by J.D. Rhoades
Stephen King wrote in his book “On Writing” that the most
valuable thing you can have as an author is a door you can close—and the will to close
it. "Most of us do our best," he writes, "in a place of our own."
Me, I’m a bit different. (I knew you’d be surprised). I don’t have an office in my house. We do have
the main desktop computer (the one my son named “Bob”) in a large alcove near the
front door. It’s next to a nice big bay window, but that’s the computer the family
shares and its close enough to the
kitchen and living room that I can hear conversations and the TV. But that’s okay, because as it turns out, most
of my writing is done on my trusty laptop, anyway. So I can most often be
found in the bedroom, propped up on the bed with the laptop on my knees. Or if
the weather’s nice, I take it out on the back deck. As I mentioned in a post a while ago, I’ve
also written in vacation house bedrooms during the heat of the day. If the
house is just too noisy, there’s always my law office, but I usually only write
there if I start at the end of the workday.
Often, a chapter or a column or a blog post will start at the office, get e-mailed to Bob the Computer, finished there, then maybe dropped back onto the laptop through the home wireless network and polished out on the deck while Nick uses Bob to play The Sims.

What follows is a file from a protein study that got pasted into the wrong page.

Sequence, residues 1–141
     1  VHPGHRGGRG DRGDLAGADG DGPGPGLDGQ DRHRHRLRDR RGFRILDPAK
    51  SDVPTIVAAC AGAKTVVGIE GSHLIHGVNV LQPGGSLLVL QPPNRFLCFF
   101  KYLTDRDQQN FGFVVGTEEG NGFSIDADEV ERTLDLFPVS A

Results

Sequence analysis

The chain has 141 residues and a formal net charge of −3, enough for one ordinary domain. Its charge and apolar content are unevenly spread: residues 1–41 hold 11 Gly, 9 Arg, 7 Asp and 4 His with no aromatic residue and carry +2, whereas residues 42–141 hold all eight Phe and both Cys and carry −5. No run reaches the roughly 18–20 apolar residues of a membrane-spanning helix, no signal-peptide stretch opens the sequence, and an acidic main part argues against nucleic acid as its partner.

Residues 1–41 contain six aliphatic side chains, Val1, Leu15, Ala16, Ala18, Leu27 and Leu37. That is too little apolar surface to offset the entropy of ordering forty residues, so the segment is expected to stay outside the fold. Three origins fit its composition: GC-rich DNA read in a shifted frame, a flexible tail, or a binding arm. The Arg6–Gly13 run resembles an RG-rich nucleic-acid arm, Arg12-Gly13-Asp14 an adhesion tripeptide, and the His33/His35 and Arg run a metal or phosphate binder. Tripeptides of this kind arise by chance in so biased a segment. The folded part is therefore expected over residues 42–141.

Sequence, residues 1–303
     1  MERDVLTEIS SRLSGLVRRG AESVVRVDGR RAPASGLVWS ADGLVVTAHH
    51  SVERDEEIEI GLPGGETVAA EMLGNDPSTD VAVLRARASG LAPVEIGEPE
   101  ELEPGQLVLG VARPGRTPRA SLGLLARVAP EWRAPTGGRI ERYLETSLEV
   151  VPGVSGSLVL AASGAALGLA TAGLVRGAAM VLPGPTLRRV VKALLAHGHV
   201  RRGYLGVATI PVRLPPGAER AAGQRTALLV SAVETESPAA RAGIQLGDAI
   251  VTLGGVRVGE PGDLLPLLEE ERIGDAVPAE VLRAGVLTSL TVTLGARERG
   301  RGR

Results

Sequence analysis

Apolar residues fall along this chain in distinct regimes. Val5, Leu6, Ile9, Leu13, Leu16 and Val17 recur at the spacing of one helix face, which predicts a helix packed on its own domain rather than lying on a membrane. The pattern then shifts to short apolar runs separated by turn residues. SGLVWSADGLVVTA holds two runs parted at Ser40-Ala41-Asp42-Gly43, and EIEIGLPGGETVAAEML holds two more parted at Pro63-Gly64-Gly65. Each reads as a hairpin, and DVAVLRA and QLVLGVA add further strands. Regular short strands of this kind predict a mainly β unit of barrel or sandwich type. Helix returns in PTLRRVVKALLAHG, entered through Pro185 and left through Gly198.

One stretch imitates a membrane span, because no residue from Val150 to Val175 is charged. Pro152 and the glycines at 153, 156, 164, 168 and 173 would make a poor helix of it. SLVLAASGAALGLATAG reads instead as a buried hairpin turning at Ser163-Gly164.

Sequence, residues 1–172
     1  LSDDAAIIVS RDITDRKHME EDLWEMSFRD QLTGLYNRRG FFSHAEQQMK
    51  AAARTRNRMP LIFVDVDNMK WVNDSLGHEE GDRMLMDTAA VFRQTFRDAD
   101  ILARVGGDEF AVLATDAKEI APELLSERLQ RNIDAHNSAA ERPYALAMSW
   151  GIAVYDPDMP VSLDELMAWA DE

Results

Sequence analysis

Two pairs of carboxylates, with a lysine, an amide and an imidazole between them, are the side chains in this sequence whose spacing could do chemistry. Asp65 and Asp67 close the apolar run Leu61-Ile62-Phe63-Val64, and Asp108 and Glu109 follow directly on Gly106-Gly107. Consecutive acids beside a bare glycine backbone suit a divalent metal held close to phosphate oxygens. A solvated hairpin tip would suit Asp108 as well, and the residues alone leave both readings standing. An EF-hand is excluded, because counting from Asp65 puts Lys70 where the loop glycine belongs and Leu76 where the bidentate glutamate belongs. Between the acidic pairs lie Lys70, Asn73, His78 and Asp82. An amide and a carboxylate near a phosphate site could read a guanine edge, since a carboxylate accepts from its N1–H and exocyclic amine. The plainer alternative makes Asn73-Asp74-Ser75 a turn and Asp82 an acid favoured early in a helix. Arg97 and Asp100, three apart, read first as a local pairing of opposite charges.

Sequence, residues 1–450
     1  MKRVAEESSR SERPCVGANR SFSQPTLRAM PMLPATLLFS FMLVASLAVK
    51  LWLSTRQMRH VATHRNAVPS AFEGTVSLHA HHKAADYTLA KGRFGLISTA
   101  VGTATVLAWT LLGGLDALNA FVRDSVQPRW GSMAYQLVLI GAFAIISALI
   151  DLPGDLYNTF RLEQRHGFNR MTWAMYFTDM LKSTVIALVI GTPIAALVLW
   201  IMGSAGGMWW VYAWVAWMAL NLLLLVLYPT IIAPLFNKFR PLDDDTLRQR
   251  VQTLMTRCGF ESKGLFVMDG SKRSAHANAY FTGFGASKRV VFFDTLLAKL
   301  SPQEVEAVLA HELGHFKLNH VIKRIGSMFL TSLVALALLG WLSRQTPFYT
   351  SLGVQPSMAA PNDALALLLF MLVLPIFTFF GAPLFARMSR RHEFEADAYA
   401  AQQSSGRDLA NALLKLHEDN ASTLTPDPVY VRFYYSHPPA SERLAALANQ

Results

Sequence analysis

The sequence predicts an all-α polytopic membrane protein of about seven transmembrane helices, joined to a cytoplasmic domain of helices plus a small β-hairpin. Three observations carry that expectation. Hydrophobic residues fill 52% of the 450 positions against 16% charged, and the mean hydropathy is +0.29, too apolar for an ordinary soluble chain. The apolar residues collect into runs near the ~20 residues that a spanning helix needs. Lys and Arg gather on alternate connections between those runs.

I’ve mentioned this to some other writers, and they’re
horrified. How, they ask, can you write without a room of your own? Actually,
I’ve said a couple of times, I do have a room of my own. It’s between my ears.
It helps that I usually have music playing, either through the computer itself
(I hear some of the damnedest things on Shoutcast web radio) or through my MP3 player. This also
horrifies a lot of writers I’ve mentioned it to, who claim they need quiet to
write. But I have two rowdy teenagers in the house. Absolute quiet is not an
option, even on the back room.
But not everyone requires an office with a closed door. William Kent Krueger says he composes in a cheap notebook at
his local coffee shop. J.K. Rowling wrote the first Harry Potter book in a cafe. (John Scalzi, on the other hand, tells us in the title
of his book on writing that You’re Not Fooling Anyone When You Take Your Laptop
to a Coffee Shop). Don Winslow reportedly writes in a tent pitched in a grove
of trees on his property (Either he does the first draft in longhand or he has
one hell of an extension cord). Scott Turow wrote Presumed Innocent on the commuter train as he rode into work at his Chicago law firm. Harlan Ellison used to stage events where he’d
bang out a short story in an afternoon while displayed in a bookstore window.
So….where’s the strangest place you’ve done it (writing, I